Daily #F1 News and Comment: Friday 18th July 2014


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Previously on TJ13:

The #F1 Bar Exam: 17 July 2014

OTD Lite – 1976 – Hunt wins riotous British Grand Prix

Charlie says….

Williams reserve drivers Felipe Nasr interviewd

McLaren change stirs up Hamilton, Alonso rumours (GMM)

F1 in shock as plane crash piles doubt on Russia GP (GMM)

FRIC Free German GP

German GP: FP1 report

German GP: FP2 report

OTD Lite – 1976 – Hunt wins riotous British Grand Prix

Britain in 1976 was having a heat wave that would become legendary. To this day it is unlikely any other British summer has been comparable. “Gran Bretagne” had won the Eurovision song contest and James Hunt, the caddish darling of the British public was sticking it up ’em to Johnny Foreigner.

The season was proving a titanic struggle between Mclaren and Ferrari with disqualifications causing tension between the two camps. The 1976 British Grand Prix began with a collison between the two scarlet machines that led to a race stoppage but Hunt had been caught in the melee and driven back via a shortcut to the pits.

The rules were unambiguous – he had not completed the lap and would not be allowed to restart. Except the 1,000’s of English supporters made themselves heard, acting like the typical tifosi and throwing rubbish on the track. The organisers had little choice and started the race with Hunt in the field. Lauda led until lap 45 when his transmission began to fail and Hunt passed and took victory from the wily Austrian.

It was in September following a protest from not only Ferrari but also Tyrrell and Copersucar that Hunt was disqualified for contravening red flag rules.


Charlie says….

Today we conclude the TJ13 series which has sought to bring to F1 fans the mind of FIA Formula One Race Director, Safety Delegate, Permanent Starter and head of the F1 Technical Department.

Lewis Hamilton is the latest driver to express reservations about the proposed standing restart following a safety car period. When asked in a Mercedes Q&A, whether he was in favour of the proposal, Lewis replied, “No not really, we’ll have to wait and see”.

No current F1 driver has come out in favour of this idea, and it appears they’ve not been consulted about it by the FIA.

Charlie is clear on the matter, “The teams pay their drivers and they are employees of the teams. I don’t think we would necessarily consult the drivers. We keep them informed about what’s going on but it’s really up to the teams to make sure that, if they need to engage their drivers in this decision-making process, to actually do so.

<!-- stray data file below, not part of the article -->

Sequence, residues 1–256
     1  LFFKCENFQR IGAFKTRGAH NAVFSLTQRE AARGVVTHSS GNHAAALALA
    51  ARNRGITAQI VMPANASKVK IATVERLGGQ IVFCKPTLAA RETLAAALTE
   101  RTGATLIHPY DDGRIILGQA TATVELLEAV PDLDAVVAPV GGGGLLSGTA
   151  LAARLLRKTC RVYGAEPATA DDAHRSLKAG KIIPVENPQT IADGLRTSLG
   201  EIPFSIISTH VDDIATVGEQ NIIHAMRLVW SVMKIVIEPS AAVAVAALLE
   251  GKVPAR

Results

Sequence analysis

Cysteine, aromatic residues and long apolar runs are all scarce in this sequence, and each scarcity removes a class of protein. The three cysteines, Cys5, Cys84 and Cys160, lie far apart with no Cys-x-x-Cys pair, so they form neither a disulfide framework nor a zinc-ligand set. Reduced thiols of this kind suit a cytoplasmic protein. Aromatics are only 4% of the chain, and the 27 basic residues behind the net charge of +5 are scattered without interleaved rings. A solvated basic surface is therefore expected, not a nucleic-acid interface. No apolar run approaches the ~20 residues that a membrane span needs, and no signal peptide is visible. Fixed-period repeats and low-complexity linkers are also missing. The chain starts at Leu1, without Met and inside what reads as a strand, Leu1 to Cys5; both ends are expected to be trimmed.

Whiting also dismisses the suggestion that the standing restart is unfair or unsafe.

“I have heard some drivers express concerns but I think we can allay those fears. Their first concern was in regard to fairness. They felt that a race leader was more likely to lose his lead from a standing start than he is from a rolling start. Equally, however, if you are in second place you might actually like the idea of being able to take the lead, which you probably wouldn’t do with a rolling start.

There was also some concern about taking a standing start on worn tyres. However, until you get to the point where there is a standing start, the safety car procedure will be exactly the same as before. As happens now any driver on worn tyres is likely to pit. If you’ve just made a pit stop then you probably wouldn’t do it, but anyone else will, as they will want to take the advantage of what is effectively a free stop. I think the chances of any driver resuming the race from a standing start on very badly worn tyres is very low. Those are the only concerns I’ve heard so far”.

Mmm. No mention of the marbles on the dirty side of the starting grid huh?


Williams reserve drivers Felipe Nasr interviewd

060314---felipe-nasr-e-apresentado-como-piloto-de-testes-da-williams-para-2014-1396537091444_1920x1080Vittorio Alfieri of F1WEB.it conducted a short interview with Felipe Nasr recently. The Brazilian is currently racing in GP2 and lies second in the championship after scoring three victories and a handful of other podiums. In February he was announced as the Williams reserve driver and would be taking part in a few Friday test sessions.

Nasr also won the 2011 British Formula Three championship beating his team-mate – future Mclaren star Kevin Magnussen – by 123 points.

After the initial questions and answers about his GP2 season, Nasr was asked about how his relationship with the Williams drivers was. “It is a very good relationship with all of them. With Massa it’s easy to understand as we are both Brazilians, with Bottas it is also easy to comprehend as we are both young and with Susie we are both in the position of making our dream come true. I have huge respect for all of them and we all have to thanks Williams for the positive atmosphere.”

And what about your future with the team: “I will drive two or three more times during the Friday Practice this year and hopefully in one of the free tests as well. I can’t wait for it”.

The fans from your country are famous for the support they give to the Brazilian drivers. How much support do you receive?: “The Brazilian are treating me very, very well. The support back home is enormous and sincere and that gives you an extra push. Even being far away they are very important”.


McLaren change stirs up Hamilton, Alonso rumours (GMM)